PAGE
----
I should warn people about the front shield car glass. The resin that they laminate in it is not good to breath and to burn it is even worse (dioxin). I peeled of some glass of a car front window that was given to me and made some work with it. It took a lot of time to do that for the glass really sticks to that plastic. Make sure you have glasses and gloves and lots of moving air around you. It is hard to get tinted tempered glass but the best place I know of to get it is in a body shop. They usually have a pile of damaged car parts and you might find a door or two that still has unbroken glass in it. What I do is I have a heavy hammer with me and a tarp and lay the tarp under the door after I have cleaned the window and then just smashed it right there. The glass goes on the tarp and I then put it in a plastic bucket. Always make sure that only one window goes in each bucket for you never know if the glasses are compatible. Do not get the glass that is vacuumed or brushed of the floor of those places that replace car windows. And I am sorry to say same goes for mixing beer bottles. believe me I have tried . If you find gallon glass bottles (often used as moon shine bottles= brewing) you can get a whole lot made out of just one. Let people around you know what you are looking for and glass will come to you. If you like the green color try plain window glass. You just have to score the glass and break it into little pieces to get it into your molds. Time consuming but if you have bigger molds you can just stack sheets of glass in the mold. I have done glass bases for some of my work that way see work made 2000 for the Gallery Fold show. That glass was smoke colored so it came out like it was black when cast. Good places to get regular window glass is places that sells made to size glass, like for tables, odd size windows and such. They always have scraps to give and even orders that were made wrong or never picked up. Frame shops have also glass to give, just make sure it is just their glass for again you don't want to get different type of glass mixed in.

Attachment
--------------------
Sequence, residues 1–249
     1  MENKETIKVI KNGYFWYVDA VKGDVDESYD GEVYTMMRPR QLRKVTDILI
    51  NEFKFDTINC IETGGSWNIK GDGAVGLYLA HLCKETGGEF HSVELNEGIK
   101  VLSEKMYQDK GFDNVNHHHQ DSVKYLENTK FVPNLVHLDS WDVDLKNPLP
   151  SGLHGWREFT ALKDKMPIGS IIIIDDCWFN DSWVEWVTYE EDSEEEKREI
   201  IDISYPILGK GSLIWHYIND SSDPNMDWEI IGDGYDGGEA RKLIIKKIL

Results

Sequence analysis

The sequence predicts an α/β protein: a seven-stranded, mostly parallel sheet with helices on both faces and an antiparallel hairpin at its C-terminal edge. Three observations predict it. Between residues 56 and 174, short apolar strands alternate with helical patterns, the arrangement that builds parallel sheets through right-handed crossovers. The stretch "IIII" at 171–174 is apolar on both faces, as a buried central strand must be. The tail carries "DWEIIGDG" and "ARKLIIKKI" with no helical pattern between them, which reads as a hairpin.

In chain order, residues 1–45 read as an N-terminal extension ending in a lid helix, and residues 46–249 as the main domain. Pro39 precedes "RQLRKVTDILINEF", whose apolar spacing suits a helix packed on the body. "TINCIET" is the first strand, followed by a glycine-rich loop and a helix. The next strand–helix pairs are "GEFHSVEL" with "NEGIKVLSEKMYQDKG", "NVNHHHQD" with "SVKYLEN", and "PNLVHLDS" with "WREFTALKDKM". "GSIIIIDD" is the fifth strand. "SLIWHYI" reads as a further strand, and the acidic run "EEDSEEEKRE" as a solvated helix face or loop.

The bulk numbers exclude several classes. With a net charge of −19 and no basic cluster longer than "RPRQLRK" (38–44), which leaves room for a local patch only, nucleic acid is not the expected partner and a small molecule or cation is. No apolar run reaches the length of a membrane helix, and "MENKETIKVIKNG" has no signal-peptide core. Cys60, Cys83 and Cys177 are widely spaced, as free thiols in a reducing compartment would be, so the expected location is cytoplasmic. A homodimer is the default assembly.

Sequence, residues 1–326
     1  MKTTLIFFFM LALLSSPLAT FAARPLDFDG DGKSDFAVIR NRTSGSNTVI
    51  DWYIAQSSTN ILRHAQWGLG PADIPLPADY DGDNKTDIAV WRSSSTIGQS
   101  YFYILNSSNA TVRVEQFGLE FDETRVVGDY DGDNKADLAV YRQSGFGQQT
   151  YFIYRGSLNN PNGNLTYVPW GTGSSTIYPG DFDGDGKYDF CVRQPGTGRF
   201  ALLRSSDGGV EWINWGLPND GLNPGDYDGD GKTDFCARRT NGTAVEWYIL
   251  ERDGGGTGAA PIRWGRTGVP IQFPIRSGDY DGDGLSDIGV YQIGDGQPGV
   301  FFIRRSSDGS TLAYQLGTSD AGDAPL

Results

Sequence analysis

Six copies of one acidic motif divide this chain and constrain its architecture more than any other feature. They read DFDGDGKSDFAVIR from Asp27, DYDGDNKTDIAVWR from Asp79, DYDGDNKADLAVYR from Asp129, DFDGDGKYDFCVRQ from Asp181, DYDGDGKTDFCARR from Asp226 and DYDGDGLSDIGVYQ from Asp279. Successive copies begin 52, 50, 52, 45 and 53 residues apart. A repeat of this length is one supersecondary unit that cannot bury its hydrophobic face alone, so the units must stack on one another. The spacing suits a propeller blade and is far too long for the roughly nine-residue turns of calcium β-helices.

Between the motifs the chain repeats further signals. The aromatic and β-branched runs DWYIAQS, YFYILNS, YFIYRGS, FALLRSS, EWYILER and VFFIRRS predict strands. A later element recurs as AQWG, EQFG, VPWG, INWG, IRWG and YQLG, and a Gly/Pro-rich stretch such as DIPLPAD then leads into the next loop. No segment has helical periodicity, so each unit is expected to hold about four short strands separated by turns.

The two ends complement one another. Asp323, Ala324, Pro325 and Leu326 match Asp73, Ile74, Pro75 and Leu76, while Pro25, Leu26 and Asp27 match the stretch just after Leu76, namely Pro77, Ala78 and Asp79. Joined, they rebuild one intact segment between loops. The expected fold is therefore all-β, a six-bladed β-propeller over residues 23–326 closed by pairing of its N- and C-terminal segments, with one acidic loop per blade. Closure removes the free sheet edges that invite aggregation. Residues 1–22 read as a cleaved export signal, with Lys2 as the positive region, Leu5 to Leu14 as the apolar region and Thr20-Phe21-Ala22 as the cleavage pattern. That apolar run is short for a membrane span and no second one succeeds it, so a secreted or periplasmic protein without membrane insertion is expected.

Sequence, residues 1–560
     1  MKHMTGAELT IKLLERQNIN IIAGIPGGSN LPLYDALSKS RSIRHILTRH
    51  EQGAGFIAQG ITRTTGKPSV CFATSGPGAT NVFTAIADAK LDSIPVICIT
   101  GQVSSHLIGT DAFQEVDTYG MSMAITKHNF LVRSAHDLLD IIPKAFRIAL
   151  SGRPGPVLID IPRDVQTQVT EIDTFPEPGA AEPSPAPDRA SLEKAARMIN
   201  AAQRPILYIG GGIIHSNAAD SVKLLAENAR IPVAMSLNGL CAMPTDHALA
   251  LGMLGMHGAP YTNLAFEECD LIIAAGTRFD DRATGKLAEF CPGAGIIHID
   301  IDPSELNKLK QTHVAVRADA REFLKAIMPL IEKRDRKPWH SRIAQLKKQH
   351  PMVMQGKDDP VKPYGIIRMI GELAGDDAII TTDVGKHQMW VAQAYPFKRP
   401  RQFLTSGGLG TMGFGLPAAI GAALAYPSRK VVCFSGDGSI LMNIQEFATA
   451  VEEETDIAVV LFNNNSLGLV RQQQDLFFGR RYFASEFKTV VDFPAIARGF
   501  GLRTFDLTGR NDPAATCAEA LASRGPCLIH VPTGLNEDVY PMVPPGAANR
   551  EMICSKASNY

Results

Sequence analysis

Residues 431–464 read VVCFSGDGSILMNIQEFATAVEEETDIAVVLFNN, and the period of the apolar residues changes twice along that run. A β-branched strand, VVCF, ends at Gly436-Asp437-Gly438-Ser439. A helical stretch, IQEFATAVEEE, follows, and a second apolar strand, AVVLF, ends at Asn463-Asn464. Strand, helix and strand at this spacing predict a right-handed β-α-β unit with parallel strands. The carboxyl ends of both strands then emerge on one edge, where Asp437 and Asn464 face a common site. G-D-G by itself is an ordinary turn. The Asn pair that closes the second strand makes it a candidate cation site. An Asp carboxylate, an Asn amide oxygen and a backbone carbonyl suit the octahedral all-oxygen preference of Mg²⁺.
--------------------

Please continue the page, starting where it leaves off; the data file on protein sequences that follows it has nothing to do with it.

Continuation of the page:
Here below is a list of questions that I got from some glass people in England. The outcome became a CD with lots of info from many artists that work with glass. The projects name was
Mixing with the Best
(Investigation and comparison of contemporary working methods and mould making materials for use in the kiln forming of glass)
by Angela Thwaites. publised 2002
Her research project looks into the properties, strengths and weaknesses of different mold mix materials and combinations. The research, was published in 2002, Her recearch has produced the most comprehensive study to date of different practice across the UK, USA and Europe. The findings have the potential to enhance the effectiveness, scope and flexibility of everyone working in the Kiln Formed Glass Arena.